On 9 March 2020, Lebanon’s government announced that it would not be paying $1.2 billion in Eurobond payments, thus declaring the first sovereign default in the country’s history. The decision to default was supported by a number of progressive activists and experts, given the shortage of foreign currency at Lebanon’s central bank and the need to use this reserve for more pressing purposes.
The default came at a point of multiple financial and economic crises, caused by decades of corruption and an economic model based on extracting income from rent-based sectors (such as remittances, banking, real estate and foreign aid) to fund imports and consumption, at the expense of productive sectors. In parallel, the financial sector (both the central bank and commercial banks) provided the necessary funding for politicians to distribute public resources to their cronies and sectarian clients. Unsurprisingly, this model also led to an extreme concentration of wealth and income, with a quarter of all new income going in the pockets of the top 1 per cent, and with 0.1 per cent of bank accounts containing 20 per cent of all deposits.
The economic model failed as the country’s trade deficit grew, and with it public debt resulting from borrowing at high interest rates. The central bank’s approach was to postpone the meltdown through financial engineering measures that accumulated further debt in US dollars, thus worsening the vicious cycle.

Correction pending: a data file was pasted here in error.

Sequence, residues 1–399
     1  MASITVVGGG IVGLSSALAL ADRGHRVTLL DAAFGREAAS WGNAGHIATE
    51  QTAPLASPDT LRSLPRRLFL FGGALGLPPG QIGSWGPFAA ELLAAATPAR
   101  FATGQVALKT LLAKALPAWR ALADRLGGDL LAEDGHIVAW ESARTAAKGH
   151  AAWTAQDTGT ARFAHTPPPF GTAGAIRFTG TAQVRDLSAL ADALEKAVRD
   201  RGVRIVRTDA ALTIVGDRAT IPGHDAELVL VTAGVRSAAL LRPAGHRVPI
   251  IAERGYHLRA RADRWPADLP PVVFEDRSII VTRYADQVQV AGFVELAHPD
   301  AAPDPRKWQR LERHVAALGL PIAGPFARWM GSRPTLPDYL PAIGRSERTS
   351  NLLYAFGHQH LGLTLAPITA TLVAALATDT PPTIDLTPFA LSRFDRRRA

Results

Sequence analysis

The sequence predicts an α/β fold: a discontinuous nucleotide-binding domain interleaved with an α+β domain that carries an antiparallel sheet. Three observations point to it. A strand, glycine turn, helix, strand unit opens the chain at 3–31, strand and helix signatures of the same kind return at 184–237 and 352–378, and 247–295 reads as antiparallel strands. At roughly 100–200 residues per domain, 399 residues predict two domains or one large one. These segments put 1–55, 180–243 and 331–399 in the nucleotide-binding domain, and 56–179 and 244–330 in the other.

Further economic pressure on ordinary residents is not an option today.
Until the beginning of the financial meltdown last October, international financial institutions (IFIs) seemed accepting of this economic model and the policies maintaining it. The IMF repeatedly praised the central bank’s policies in its Article IV reports, especially in terms of maintaining a large foreign exchange (FX) reserve and attracting deposits. In turn, the World Bank has provided, and recently newly pledged, sizable loans conditioned on complementary ‘structural reforms’. Both institutions had little concern for reorienting economic growth toward productive sectors, and a disregard of extreme wealth and income concentration.